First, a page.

HOW SHMUEL EXPLAINS THE MISHNAH
(Rav Yehudah): Shmuel explains the Mishnah to say 'Re'i (the leniency) of an ox (Keren), in which the damager gets no Hana'ah, is unlike that of Mav'eh (Shen), in which the damager gets Hana'ah;
The Re'i of Shen, which has no intent to damage, is unlike that of Keren, which has intent to damage. (Tosfos - he considers lack of Hana'ah or no intent to damage to be leniencies, for it is easier to guard one's animal from damage in these cases. The next question disagrees with Rav Yehudah.)
Question: We should be able to learn one from the other from a Kal va'Chomer!
One is liable for Shen, which has no intent to damage. All the more so, one should be liable for Keren, which has intent to damage!
Answer: We cannot learn from a Kal va'Chomer. One might have thought that just like (the master of) a slave is exempt, even though the slave intended to damage, also Keren.
Objection (Rav Ashi): We would not think so. The only reason one is exempt for his slaves is lest a slave get angry at his master, and decide to cause tremendous damage to trouble him. This reason does not apply to animals!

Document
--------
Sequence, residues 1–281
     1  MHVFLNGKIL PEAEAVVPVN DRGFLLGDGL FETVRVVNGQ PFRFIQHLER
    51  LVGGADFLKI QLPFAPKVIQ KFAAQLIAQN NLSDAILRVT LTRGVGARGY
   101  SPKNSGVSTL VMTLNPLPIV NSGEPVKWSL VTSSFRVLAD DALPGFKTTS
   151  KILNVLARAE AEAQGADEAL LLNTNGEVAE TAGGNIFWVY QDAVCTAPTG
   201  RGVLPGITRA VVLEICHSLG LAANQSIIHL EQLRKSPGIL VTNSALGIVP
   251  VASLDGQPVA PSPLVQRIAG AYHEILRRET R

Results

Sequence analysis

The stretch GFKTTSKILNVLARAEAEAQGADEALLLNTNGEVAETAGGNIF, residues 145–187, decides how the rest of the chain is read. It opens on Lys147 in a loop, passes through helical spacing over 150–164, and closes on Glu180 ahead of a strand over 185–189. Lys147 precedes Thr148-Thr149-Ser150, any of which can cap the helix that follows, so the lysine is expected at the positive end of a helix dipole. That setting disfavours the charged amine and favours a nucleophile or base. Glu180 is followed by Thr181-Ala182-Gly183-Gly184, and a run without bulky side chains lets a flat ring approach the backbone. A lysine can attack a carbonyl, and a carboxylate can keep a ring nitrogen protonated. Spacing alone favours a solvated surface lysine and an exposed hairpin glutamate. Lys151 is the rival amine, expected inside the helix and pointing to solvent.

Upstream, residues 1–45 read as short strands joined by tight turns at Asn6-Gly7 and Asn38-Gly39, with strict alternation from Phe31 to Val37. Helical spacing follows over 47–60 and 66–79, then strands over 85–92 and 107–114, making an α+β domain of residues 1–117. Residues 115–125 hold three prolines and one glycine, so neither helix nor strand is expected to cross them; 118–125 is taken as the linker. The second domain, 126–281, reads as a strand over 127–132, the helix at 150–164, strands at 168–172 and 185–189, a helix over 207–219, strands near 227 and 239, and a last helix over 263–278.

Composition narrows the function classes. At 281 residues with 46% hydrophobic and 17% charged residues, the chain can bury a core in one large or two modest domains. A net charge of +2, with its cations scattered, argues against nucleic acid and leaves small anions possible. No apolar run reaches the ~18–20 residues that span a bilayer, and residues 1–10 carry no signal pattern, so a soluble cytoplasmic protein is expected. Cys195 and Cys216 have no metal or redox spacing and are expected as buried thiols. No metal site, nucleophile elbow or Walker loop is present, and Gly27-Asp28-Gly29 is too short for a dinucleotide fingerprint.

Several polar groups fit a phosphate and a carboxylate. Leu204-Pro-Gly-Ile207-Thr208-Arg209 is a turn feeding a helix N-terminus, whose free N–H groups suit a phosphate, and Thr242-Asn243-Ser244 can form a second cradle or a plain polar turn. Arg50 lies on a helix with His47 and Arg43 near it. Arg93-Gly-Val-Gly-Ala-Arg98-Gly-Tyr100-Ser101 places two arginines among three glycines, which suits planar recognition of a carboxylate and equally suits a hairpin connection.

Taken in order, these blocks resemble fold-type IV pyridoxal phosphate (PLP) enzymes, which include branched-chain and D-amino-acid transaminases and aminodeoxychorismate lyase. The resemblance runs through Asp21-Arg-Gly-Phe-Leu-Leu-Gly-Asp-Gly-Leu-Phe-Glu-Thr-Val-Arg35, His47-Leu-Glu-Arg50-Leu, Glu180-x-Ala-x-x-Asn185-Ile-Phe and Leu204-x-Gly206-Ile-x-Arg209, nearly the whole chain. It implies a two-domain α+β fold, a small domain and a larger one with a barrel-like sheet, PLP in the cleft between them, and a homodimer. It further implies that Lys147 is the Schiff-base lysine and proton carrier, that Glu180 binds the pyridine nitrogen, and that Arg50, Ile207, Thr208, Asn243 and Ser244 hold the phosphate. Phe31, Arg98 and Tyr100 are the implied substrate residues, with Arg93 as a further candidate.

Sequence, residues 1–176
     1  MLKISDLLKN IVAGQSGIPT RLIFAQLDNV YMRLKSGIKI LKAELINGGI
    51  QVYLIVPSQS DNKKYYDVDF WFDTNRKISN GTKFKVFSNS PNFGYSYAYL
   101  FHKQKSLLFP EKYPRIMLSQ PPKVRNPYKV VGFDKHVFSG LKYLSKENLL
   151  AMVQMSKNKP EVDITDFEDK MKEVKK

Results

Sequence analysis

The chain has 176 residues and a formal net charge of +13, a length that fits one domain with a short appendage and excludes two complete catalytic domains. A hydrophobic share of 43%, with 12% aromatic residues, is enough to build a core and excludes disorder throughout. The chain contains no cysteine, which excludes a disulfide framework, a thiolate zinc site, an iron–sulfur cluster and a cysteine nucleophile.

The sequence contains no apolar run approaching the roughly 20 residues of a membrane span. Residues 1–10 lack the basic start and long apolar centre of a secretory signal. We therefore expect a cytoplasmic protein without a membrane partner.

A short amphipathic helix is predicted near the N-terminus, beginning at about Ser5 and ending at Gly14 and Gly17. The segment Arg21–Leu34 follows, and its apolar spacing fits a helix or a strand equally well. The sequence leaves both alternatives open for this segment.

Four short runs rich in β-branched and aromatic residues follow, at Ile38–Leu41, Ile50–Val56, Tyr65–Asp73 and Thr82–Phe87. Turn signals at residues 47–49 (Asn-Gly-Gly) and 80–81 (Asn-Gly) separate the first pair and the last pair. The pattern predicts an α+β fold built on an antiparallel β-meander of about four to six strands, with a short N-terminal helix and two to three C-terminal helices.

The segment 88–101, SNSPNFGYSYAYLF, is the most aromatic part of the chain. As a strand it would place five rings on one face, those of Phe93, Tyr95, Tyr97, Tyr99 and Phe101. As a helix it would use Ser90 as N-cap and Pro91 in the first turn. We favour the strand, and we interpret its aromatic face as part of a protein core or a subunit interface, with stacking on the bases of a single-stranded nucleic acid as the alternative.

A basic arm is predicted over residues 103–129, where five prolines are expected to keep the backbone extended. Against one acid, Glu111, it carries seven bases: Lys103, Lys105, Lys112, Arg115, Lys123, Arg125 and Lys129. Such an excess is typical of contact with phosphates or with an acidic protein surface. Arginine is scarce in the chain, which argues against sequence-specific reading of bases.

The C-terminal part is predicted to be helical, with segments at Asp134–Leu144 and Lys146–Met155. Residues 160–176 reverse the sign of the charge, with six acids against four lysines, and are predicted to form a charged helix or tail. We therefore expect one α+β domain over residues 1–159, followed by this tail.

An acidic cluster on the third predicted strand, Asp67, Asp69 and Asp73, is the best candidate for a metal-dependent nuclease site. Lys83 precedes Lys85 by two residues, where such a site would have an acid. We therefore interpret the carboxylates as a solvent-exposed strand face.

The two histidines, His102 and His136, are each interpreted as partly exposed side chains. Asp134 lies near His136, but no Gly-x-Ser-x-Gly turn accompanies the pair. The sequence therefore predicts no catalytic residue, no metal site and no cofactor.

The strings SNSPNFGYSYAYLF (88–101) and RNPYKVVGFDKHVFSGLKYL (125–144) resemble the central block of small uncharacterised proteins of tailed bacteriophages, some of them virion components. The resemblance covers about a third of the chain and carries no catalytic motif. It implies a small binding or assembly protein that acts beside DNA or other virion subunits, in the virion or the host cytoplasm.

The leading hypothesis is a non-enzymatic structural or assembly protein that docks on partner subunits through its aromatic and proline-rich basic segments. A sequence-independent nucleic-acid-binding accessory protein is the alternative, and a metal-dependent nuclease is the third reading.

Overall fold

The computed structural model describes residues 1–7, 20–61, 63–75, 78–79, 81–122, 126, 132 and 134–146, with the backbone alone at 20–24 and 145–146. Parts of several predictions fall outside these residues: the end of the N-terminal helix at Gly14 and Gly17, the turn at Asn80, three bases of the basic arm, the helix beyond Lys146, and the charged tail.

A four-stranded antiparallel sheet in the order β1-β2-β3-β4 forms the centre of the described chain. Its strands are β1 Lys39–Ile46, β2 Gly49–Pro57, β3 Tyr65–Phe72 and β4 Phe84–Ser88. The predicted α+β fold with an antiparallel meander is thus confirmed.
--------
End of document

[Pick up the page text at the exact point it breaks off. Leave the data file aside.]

Correction: Rather, Re'i, i.e. the stringency of Keren, which has intent to damage, is unlike that of Shen, which has no intent to damage;
The stringency of Shen, in which there is Hana'ah to the damager, is unlike that of Keren, which has no Hana'ah to the damager.
Question: Did the Tana teach Keren and Shen, and omit Regel?!
Answer: The Reisha, 'if they damaged, the damager must pay from Meitav land' includes Regel.
Objection: Regel should have been taught explicitly!
Answer #2 (to question 4:l, Daf 3b - Rava): 'Ox' teaches Regel, and Mav'eh teaches Shen.
The stringency of Regel, which is common, is unlike that of Shen, which is not common;